Are You Cut Out for a Career in Big Law?

Considering a career in a prestigious Big Law firm? You’re not alone. Every year, thousands of law students enter or graduate law school with their eyes on the biggest law firms and legal jobs in the country. Many paralegals and other legal professionals do the same. In this blog post, we help aspiring legal professionals determine whether a career in the high-pressure, demanding world of large law firms is a good fit for them. We’ll explore the skills, qualities, and work culture you’ll need in Big Law, so you can determine if it’s the right career path for you.

You’re comfortable crunching data or discussing theory.

Many Big Law firms work exclusively or primarily with corporations. In these cases, Big Law legal teams may deal with a corporation’s financial or organizational concerns far more often than they deal with individual people. If you’re content working with contracts, financials, or organizational matters, many Big Law firms may offer a good fit.
For those committed to Big Law and to working with individuals, consider looking at firms that handle criminal defense, adoption, immigration, and employment law matters.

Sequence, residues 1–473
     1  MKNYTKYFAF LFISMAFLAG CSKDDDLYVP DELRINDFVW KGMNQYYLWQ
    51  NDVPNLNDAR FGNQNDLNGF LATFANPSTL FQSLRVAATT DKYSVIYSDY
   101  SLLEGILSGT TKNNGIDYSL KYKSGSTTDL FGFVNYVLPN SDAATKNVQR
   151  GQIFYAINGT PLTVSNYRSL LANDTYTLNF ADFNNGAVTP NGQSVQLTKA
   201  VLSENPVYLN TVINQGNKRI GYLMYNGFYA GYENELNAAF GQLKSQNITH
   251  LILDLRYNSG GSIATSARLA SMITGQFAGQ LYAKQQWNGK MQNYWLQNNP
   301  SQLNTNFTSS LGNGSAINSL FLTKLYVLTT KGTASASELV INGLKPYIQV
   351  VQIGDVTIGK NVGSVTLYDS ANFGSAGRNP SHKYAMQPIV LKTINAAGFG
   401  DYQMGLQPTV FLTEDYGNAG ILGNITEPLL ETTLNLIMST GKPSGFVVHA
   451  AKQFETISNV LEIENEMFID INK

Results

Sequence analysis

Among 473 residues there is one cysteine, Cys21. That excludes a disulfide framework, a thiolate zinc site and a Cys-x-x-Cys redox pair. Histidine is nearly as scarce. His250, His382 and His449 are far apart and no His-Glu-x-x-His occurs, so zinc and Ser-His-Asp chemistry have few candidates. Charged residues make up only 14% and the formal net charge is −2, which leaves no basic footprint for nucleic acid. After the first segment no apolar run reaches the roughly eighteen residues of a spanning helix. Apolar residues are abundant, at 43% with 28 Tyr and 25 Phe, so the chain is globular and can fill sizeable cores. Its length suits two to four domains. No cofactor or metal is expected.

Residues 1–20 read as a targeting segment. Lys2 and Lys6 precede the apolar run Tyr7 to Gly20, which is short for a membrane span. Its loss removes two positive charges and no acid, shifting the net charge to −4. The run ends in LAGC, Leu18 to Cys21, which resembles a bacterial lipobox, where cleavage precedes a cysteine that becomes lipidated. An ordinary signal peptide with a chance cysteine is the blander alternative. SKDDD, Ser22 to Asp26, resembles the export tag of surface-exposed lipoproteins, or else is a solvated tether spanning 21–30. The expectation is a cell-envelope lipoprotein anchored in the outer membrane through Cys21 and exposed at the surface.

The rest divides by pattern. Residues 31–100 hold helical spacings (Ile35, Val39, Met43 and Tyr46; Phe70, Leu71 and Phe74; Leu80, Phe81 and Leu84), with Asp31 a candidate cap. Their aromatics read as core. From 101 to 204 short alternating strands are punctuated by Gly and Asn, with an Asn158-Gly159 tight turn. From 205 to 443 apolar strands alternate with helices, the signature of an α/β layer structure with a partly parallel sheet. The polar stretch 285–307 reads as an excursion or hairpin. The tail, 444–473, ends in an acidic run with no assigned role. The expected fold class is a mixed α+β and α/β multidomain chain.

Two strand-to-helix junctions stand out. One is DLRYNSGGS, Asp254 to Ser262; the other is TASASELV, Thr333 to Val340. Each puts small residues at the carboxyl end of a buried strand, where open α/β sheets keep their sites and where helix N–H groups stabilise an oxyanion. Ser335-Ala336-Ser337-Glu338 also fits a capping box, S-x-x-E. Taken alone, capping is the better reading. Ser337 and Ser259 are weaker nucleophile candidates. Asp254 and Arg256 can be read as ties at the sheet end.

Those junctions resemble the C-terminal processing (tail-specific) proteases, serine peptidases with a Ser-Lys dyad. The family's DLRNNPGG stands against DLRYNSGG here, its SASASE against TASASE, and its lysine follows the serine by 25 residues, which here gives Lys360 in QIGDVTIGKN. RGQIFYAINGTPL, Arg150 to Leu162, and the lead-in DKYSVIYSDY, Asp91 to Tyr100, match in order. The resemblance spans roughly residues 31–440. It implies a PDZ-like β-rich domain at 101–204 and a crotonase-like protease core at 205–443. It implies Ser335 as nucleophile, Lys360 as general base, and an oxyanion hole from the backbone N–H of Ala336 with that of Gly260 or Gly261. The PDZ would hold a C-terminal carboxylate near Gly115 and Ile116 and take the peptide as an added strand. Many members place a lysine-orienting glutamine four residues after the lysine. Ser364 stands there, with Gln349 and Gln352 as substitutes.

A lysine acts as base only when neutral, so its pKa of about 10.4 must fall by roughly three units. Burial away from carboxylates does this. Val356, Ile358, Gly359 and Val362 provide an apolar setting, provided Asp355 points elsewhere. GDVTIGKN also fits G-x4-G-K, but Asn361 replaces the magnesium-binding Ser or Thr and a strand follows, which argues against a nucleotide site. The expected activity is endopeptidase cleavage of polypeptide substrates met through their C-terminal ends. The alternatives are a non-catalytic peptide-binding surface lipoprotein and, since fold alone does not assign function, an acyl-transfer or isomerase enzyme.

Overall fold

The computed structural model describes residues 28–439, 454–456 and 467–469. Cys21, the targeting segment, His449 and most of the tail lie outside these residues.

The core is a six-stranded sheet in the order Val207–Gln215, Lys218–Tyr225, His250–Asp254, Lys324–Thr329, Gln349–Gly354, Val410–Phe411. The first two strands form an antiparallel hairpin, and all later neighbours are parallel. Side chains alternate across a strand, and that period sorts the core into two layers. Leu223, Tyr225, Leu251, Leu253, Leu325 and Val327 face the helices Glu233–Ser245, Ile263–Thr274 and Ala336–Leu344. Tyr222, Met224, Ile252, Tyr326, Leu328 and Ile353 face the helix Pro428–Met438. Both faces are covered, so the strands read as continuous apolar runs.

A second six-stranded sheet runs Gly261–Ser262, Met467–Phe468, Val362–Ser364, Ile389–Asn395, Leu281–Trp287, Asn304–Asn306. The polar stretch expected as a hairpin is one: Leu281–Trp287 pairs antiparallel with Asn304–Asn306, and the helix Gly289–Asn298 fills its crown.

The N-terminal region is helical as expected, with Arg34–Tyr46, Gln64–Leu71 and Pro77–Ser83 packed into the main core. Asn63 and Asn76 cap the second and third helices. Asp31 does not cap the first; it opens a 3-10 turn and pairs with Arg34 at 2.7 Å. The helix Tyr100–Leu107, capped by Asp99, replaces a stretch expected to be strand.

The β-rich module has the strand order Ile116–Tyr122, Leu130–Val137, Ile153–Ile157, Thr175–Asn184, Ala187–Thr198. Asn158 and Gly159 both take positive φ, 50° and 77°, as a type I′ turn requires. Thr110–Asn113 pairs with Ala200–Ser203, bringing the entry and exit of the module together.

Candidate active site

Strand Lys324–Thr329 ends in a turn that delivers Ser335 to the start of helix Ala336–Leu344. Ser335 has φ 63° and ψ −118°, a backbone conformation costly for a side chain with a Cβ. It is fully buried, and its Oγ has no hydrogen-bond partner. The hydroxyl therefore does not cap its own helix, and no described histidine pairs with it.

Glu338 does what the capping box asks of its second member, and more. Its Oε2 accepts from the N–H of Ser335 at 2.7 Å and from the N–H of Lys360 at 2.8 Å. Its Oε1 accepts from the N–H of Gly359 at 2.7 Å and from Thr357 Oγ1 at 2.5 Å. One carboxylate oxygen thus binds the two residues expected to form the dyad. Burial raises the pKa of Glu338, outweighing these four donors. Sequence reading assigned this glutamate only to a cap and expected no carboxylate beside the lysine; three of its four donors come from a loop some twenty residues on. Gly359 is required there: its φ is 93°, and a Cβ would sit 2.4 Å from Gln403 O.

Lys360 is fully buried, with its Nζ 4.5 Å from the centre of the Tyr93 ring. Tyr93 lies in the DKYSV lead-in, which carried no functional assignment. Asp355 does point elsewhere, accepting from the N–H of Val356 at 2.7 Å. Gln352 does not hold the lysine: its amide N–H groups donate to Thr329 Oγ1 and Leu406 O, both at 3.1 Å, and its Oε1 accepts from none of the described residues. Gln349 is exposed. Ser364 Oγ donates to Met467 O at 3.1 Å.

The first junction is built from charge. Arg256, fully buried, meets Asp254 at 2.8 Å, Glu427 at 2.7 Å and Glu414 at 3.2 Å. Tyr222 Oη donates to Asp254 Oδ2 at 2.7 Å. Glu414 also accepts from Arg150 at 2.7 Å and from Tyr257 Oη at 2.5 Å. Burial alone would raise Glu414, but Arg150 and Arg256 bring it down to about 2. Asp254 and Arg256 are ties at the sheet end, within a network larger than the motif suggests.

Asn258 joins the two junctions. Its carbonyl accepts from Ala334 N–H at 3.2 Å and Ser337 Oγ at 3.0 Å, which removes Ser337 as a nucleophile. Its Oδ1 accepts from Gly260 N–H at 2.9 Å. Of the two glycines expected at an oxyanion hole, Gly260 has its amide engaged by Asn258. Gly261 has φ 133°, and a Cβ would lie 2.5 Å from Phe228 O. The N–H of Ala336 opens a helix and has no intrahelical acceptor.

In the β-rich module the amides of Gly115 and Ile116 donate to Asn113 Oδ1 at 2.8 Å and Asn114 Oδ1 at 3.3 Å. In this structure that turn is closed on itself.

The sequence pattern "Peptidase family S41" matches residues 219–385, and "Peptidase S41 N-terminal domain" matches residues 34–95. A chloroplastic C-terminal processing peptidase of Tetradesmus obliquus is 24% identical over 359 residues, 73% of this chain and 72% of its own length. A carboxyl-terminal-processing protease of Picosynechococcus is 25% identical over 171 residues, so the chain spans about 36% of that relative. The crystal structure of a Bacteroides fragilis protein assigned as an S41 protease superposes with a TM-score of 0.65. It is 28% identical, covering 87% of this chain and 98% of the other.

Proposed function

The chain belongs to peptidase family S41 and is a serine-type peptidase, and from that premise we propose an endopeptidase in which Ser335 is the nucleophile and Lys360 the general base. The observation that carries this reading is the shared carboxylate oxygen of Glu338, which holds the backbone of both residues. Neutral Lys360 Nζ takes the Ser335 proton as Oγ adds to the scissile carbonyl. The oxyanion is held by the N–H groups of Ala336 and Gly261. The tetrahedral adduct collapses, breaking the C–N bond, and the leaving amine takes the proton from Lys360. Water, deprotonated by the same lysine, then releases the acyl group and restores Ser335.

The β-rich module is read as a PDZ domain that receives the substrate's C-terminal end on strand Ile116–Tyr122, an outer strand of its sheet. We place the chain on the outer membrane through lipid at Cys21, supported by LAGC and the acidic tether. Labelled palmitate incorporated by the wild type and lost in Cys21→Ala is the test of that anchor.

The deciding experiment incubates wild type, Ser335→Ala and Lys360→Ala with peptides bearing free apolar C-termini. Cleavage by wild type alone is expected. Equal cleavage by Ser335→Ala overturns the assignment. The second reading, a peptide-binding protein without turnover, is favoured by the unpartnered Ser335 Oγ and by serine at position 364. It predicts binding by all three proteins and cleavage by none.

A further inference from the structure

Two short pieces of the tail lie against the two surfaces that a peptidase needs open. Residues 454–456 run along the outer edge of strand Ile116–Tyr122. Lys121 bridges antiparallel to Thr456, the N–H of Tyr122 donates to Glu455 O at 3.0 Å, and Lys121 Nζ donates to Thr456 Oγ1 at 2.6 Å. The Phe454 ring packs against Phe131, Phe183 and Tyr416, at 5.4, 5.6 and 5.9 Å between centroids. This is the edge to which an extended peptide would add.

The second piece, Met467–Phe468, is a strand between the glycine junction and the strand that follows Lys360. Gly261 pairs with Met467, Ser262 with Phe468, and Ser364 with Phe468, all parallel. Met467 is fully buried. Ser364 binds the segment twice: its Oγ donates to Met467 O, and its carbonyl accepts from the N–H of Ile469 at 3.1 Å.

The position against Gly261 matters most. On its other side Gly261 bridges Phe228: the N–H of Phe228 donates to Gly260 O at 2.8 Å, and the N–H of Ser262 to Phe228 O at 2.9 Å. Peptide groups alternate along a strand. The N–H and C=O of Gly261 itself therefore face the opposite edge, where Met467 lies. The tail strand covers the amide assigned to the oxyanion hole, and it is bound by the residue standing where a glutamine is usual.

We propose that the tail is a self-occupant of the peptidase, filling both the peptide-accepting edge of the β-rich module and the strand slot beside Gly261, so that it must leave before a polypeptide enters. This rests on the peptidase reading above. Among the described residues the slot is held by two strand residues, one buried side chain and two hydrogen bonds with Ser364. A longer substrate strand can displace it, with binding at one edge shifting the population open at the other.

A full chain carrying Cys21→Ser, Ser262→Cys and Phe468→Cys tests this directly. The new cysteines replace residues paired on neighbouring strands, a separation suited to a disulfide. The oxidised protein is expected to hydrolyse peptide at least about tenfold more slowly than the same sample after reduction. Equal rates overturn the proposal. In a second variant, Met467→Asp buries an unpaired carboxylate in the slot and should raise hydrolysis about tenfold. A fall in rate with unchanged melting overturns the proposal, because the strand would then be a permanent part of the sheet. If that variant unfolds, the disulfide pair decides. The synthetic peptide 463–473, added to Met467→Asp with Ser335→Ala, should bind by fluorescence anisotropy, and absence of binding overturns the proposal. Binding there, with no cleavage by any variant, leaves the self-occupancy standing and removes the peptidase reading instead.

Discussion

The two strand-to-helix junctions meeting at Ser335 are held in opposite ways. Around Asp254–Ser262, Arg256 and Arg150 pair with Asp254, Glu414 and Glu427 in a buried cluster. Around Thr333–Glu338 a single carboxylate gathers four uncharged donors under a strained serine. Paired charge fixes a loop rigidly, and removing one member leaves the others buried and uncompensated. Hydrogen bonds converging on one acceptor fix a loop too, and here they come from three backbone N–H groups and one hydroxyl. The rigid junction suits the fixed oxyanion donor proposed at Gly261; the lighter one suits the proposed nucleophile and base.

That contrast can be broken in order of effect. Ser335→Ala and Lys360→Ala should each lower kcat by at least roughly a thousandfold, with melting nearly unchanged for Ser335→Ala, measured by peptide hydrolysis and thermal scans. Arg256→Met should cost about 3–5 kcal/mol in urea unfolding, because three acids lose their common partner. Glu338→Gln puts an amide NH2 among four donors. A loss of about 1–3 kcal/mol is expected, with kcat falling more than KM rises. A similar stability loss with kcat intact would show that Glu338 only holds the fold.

You like long-term projects with complex issues.

Short, simple matters like drafting a will are rarely the purview of a Big Law practice. Smaller firms, solo attorneys, and even non-law companies now handle these issues. For Big Law, the view is both broader and longer. Clients turn to these firms because they have the deep expertise required to tackle complex issues that may require years to solve. If you’re willing to embrace the long view or want to work on complex issues in a team setting, Big Law may be the place for you.

Writing is your go-to form of communication.

In Big Law, nearly everything occurs in writing. Even when you have spoken conversations, you’ll need to make a written record in the form of contemporaneous notes, letters, or emails. More often, you’ll be writing to clients, opposing counsel, courts, and even colleagues. Especially for new professionals, writing is the most common form of communication in Big Law. If you find you organize your thoughts well in writing, Big Law may be the right fit.

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